As a starting point, you need to consider that in Machine Learning or MLOps, in order to use models that make predictions, you need features (an individual measurable property or characteristic of a phenomenon being observed) to feed them with. Those features are simply the data that will be used by the models. For example, that data could be a row of an excel sheet or the pixels in a picture.
Features are “any measurable input that can be used in a predictive model”.
As “fuel for AI systems”, features are used to train ML models and make predictions. The issue with predictions is that they require a lot of data or features. The more data, the better the predictions.
They also need to be organized in order to make sense; the data for the features needs to be pulled from somewhere (a data source) and the features need to be stored after being computed (feature engineering - transforming the source data into features) for the ML pipeline to be able to use the features.
Machine Learning, in general, requires ready-made datasets of features to train models correctly. When we say datasets, we mean that the features are typically accessed as files in a file system (you can also read features directly as Dataframes from the Feature Store).
The Feature Store is where the features are stored and organized for the explicit purpose of being used to either train models (by Data Scientists) or make predictions (by applications that have a trained model). It is a central location where you can either create or update groups of features created from multiple different data sources, or create and update new datasets from those feature groups for training models or for use in applications that do not want to compute the features but just retrieve them when it needs them to make predictions.
The first public feature store, Michelangelo Palette, was announced by Uber in 2017. The main purpose of a feature store is to facilitate the discovery, documentation, and reuse of features and to ensure their correctness, whether they are used by batch or online applications. The feature store provides a high throughput batch API for creating point-in-time correct training data and retrieving features for batch predictions, a low latency serving API for retrieving features for online predictions. The feature store helps ensure consistent feature computations across the batch and serving APIs.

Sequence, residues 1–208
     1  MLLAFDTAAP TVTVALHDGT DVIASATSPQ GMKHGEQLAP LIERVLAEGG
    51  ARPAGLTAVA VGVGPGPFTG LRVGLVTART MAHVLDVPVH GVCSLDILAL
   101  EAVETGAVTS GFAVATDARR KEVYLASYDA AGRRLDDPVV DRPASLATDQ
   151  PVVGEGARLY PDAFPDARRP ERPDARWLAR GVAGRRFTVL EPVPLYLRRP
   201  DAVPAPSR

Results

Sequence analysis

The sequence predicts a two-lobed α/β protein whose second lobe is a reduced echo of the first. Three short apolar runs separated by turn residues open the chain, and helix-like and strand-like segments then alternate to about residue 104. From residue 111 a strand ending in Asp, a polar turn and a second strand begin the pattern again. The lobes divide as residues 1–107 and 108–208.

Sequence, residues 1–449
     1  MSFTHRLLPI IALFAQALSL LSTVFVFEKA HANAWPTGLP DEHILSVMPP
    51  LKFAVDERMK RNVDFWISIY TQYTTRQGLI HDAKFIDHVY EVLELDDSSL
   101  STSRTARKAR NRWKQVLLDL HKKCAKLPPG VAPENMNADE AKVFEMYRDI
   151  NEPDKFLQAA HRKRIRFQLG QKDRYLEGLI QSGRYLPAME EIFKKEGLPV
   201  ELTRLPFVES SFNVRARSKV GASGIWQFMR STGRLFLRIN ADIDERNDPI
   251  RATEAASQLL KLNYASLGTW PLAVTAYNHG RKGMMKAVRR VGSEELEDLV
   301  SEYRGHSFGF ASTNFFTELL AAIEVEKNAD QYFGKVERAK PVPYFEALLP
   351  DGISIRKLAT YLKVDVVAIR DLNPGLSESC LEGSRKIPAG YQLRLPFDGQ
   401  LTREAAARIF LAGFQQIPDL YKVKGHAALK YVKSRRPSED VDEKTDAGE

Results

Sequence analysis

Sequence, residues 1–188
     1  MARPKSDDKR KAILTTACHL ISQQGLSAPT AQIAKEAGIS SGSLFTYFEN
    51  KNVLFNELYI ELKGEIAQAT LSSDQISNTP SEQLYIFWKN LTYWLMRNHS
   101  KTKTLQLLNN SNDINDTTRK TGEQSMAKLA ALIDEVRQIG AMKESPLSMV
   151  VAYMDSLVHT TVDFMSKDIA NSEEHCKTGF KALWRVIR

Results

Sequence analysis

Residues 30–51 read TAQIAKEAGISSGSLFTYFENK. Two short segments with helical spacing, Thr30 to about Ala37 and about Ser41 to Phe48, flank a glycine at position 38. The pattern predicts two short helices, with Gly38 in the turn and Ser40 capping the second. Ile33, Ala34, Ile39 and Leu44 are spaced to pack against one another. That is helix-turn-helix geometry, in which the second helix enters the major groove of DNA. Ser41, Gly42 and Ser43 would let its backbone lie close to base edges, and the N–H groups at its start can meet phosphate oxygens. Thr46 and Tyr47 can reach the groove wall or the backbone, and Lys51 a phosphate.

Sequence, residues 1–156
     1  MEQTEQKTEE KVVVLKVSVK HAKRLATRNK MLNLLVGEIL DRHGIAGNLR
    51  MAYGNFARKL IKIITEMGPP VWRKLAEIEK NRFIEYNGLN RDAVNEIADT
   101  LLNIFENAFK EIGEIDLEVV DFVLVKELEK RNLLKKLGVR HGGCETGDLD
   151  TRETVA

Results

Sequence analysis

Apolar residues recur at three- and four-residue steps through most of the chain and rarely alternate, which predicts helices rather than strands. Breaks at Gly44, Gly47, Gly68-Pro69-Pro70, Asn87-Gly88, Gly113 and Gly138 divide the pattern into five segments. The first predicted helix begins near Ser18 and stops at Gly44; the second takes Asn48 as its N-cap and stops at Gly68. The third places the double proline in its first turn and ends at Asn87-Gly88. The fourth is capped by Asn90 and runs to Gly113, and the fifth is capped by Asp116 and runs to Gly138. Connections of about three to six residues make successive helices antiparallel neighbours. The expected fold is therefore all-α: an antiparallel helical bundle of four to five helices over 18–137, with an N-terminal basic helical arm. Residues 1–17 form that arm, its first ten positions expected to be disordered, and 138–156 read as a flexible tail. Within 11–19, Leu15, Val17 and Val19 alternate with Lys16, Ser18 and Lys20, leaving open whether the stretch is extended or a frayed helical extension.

Here is where the feature store comes in. Let’s say you’re working with an e-commerce recommendation system where a search query for items would benefit from personalization. When a user issues the search query, it is typically executed on a stateless web application- modern microservice principles have made many such services stateless with operational state stored in a database, key-value store, or message bus.
The search query is information poor - it only contains some text, and the only other state available is the user ID and/or session ID. However, the user ID and session ID can be used to retrieve large numbers of precomputed features from the feature store.
The original information-poor signal (search query and user/session IDs) can now be transformed into an information-rich signal by enrichment with features representing the user’s history (items the user interacted with, orders) and features representing context (what items are popular right now). The feature store provides history and context to enable applications to become AI-enabled.
So now in more technical terms, here is why having a feature store will make your life easier:
If you would like to learn more about feature stores, we have a variety of different blogs that you could read:
Feature stores come in different packages. There are feature stores that come with an online database, virtual feature stores that don’t come with any database (FeatureForm). There are feature stores that are tightly integrated with a single Data Warehouse (Rasgo and Snowflake), and those that can use compute, such as Spark, that work with many different data stores (Data warehouses, data lakes, event buses, etc).
Each feature store provides a different solution for plugging into existing Enterprise data infrastructure and existing machine learning tooling. During the Feature Store Summit, many organizations discussed the motivations, benefits, and challenges of their individual approaches.